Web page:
Mental Health Awareness: “You can sound confident and have anxiety. You can look healthy but feel like shit. You can look happy but be miserable inside. You can be good looking and feel ugly. So be kind, because every person is fighting a battle you know nothing about.”
I saw these words posted on Instagram last night and it struck a chord with me. As you may or may not know, it’s Mental Health Awareness Month. And as we all know, we will fight a battle at one time or another in our lives, if not for life. That battle could be with an eating disorder, anxiety, depression, PTSD, OCD, ADD/ADHD and the list goes on. So many of us struggle silently and this month more than ever teaches us to #breakthestigma.
Mental health awareness in my opinion has come a long way in the past few years. We are breaking the stigma of what it means to struggle with a mental health disorder and millennials have been dubbed the “therapy generation” (seriously). While I’m not thrilled with yet another article being written about my generation, this one in particular sheds light into the fact that we don’t deem seeking help as being weak.
With the rise of the internet and social media and more voices being heard, mental health is something that is getting talked about and published more and more. The awareness of mental health is moving in a positive direction. However, we often get caught up in our daily lives and forget or don’t even know how many of the people we know personally are suffering, silently.
It’s because we typically only pay attention to what we see on the outside. If a person seems ‘happy’ or ‘successful’ or ‘put together,’ then we don’t need to worry about them right? That’s where mental health awareness falls short.
It’s something that has affected me for years. If you were to ask anyone who knows me, they’d say I have a great job, a nice condo, a loving husband and I get to go on fun travel adventures. On the outside, my life seems pretty great and I’m not here to tell you it’s not. I am grateful for the things I have and the people I have in my life. But just because I have all of that, doesn’t mean I still don’t struggle beneath the surface.
I’m not here to write a sob story. I’m here to write and bring awareness. I was diagnosed by my therapist two years ago with generalized anxiety disorder, social anxiety and high-functioning anxiety. I wrote all about my experience with this in my post last year. While high-functioning anxiety is not recognized as a mental health diagnosis, the other two very much are. But the high-functioning anxiety in particular is what I believe fuels the other two types of anxiety that I have. The typical high functioning person with anxiety appears to be an overachiever.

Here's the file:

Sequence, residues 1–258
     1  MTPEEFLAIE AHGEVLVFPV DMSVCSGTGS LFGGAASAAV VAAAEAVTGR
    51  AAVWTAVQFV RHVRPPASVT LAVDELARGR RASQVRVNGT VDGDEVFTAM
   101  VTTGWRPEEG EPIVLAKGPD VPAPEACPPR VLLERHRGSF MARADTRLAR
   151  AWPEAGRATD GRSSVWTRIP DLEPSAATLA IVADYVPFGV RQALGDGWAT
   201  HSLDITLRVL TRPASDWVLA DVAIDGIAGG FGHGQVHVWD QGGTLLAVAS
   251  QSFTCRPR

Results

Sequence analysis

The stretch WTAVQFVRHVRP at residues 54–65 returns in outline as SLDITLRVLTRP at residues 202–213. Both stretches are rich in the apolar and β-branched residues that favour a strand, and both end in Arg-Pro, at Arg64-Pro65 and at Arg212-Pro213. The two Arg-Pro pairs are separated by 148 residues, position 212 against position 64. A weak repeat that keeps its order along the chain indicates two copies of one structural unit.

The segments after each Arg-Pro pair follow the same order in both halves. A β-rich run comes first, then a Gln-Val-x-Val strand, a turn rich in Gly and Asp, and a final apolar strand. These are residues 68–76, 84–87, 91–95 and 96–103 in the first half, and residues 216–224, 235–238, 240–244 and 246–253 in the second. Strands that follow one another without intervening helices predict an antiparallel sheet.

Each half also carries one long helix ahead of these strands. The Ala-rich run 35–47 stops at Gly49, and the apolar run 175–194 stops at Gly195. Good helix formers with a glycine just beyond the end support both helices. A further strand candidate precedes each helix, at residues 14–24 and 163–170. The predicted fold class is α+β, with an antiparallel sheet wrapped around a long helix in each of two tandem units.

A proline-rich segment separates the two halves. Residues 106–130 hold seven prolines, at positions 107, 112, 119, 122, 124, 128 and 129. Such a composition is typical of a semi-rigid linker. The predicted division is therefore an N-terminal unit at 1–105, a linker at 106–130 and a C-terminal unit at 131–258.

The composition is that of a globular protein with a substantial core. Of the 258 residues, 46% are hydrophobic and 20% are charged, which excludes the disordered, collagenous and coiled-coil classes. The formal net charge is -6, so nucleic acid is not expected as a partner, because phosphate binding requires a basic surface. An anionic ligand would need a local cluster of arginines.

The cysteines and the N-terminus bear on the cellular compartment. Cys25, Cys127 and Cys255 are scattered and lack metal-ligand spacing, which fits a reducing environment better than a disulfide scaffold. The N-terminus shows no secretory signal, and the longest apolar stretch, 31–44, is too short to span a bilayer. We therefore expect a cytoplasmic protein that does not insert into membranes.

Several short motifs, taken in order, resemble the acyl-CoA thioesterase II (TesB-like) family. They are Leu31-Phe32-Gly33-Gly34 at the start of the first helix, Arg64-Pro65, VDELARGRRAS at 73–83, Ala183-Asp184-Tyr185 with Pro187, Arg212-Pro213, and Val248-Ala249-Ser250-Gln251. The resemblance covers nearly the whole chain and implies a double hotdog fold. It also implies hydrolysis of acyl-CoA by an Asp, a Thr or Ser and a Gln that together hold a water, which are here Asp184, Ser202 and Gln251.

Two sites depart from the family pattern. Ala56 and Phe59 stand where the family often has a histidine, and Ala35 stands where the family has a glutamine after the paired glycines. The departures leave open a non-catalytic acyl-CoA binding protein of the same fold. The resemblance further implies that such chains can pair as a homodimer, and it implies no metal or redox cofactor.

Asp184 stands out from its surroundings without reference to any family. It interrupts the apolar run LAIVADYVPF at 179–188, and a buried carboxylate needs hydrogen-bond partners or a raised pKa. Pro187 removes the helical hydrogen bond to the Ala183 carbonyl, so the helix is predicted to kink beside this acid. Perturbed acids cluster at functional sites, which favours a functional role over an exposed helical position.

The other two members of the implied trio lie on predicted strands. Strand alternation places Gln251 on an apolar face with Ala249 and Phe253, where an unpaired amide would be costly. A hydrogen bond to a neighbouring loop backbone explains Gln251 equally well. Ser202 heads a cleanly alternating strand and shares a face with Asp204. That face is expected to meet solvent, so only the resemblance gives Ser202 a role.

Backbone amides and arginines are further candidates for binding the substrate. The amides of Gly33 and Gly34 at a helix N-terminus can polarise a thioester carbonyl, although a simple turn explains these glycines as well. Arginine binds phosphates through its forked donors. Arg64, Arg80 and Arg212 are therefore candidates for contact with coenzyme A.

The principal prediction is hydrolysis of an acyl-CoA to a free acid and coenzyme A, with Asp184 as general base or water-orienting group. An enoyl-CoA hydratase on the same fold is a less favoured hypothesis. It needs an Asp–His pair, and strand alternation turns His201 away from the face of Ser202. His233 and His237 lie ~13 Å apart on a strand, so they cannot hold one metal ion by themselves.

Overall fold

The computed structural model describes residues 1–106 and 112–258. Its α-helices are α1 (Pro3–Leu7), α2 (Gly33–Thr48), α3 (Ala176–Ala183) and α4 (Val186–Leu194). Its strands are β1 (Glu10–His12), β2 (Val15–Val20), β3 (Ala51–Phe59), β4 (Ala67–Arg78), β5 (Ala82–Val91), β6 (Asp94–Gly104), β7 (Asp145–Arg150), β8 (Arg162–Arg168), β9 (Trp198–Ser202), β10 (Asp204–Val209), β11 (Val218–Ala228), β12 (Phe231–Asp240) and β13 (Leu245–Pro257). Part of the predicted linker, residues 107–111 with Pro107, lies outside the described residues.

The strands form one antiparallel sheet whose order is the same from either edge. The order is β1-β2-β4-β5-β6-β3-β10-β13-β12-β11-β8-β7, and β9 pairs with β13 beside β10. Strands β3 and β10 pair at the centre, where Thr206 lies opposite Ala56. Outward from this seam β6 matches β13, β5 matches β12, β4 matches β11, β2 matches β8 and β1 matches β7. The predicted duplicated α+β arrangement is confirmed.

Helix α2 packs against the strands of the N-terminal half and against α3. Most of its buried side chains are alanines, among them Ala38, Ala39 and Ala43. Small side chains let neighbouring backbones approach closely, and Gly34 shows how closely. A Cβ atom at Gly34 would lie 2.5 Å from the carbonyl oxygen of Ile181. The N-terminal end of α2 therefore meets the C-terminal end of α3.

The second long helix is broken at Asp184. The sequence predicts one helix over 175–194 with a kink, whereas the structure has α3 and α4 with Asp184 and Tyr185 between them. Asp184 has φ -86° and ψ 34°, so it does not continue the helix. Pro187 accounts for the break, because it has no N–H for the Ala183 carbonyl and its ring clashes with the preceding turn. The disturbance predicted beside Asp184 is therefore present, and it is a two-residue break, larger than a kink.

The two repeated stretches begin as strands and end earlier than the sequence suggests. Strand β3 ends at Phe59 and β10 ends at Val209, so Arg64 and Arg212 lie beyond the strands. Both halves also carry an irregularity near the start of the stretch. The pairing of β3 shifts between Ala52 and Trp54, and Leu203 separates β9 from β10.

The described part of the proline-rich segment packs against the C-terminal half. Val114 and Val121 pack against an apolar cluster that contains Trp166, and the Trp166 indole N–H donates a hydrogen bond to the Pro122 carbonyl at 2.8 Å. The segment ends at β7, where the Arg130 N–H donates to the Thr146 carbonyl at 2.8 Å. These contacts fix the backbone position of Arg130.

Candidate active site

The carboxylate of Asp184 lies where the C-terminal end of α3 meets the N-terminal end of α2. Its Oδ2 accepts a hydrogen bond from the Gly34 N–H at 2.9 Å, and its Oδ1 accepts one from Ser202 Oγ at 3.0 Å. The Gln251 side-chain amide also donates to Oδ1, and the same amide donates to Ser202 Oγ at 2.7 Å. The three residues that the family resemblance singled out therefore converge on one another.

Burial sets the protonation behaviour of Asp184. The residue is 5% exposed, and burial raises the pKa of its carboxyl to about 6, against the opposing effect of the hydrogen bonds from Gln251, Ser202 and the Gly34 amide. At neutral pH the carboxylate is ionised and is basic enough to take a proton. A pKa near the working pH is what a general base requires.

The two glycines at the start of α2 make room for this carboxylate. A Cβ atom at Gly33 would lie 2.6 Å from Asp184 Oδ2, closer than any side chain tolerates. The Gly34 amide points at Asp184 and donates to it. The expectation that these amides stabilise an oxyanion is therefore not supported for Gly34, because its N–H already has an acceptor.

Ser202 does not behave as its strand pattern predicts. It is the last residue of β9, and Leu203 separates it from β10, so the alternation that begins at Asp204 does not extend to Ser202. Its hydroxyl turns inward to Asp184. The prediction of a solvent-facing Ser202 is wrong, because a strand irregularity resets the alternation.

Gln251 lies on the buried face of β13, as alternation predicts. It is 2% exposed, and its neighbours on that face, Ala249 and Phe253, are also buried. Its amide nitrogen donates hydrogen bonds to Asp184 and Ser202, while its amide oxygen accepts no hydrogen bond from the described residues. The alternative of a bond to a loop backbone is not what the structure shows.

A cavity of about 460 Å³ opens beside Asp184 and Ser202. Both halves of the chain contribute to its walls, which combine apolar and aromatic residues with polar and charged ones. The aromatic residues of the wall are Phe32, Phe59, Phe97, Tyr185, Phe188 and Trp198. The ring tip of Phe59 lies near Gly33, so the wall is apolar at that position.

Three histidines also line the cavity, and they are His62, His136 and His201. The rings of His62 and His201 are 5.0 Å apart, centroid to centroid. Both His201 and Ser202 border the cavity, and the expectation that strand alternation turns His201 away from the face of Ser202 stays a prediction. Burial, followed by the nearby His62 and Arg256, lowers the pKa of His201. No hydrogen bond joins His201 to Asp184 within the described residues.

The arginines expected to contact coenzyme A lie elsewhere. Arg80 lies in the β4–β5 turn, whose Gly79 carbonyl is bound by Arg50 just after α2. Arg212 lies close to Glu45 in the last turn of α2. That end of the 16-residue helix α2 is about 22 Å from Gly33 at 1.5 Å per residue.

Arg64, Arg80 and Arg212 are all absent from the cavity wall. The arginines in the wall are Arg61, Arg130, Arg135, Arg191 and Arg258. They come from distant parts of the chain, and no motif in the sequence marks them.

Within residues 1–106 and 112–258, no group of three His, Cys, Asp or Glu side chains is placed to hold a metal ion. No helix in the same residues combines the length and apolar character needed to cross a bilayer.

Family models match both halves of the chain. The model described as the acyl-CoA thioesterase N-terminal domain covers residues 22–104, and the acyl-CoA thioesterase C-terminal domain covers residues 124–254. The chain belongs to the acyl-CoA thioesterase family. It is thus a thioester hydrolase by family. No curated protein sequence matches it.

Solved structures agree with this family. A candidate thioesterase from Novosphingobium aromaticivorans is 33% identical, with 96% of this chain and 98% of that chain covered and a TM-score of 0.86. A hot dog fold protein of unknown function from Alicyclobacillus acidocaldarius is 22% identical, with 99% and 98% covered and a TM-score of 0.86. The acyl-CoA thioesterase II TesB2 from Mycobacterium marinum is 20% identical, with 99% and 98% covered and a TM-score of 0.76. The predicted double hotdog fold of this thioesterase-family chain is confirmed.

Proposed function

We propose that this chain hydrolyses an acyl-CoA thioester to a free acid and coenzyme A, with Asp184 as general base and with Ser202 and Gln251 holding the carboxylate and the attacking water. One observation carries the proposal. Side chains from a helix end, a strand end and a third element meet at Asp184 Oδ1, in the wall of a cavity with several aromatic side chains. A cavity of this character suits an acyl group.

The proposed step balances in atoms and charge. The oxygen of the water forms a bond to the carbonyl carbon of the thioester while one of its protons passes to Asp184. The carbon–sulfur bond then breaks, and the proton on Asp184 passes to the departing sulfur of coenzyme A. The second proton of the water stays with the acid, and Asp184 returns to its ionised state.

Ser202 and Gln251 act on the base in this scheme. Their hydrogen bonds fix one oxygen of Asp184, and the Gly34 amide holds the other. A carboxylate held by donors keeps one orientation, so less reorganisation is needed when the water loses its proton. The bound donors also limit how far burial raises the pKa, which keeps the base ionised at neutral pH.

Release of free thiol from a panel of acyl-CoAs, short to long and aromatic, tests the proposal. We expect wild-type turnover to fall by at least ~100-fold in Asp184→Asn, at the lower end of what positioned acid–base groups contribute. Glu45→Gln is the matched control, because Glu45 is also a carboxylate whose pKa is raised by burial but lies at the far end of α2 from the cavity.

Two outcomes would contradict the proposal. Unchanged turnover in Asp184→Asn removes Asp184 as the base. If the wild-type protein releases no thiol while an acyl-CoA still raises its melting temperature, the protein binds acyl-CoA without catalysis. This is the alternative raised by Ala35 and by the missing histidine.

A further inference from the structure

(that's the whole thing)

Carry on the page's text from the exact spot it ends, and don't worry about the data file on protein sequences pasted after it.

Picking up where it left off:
On the outside, I am:
- High achieving
But what people don’t know beneath the surface, I’m battling:
- A fear of failure
- Never feeling good enough
- Trying to be a version of perfect I know deep down is unattainable
- Imposter syndrome and not feeling worthy
- Feelings of loneliness and that my friends want nothing to do with me
- Being a people pleaser and wanting people to like me
- Overthinking at all times of every day
- A racing mind that will never quit and let me relax
- A constant state of paranoia and thinking the worst
- An overflowing plate of to-do’s that never seem to end
- A need for reassurance for the decisions I’m making or the feelings I’m feeling
Going back to the quote at the beginning of this post, it is such a good reminder for us. We truly don’t know what someone is going through, unless it’s ourselves. That’s the awareness of mental health that we need. What happens beneath the surface, especially with those that hide it so well.
It’s why I’m personally remembering not just this month, but every month, to choose kindness wherever I go and with every human encounter I have.
“In a world where you can be anything, be kind.”
Kelly Nash is a Chicago-based writer, events host, speaker, and founder of Lipstick & Ink®. In addition to her writing and career consulting with L&I®, Kelly works full-time in technology as a Success Manager at Salesforce. She is also in the process of writing her first book.
Kelly has landed coverage in print and broadcast outlets including Thrive Global, International Association of Women, General Assembly, TheGlu, SheFactor, EvolveHer, Cliquish, and Six Degrees Society.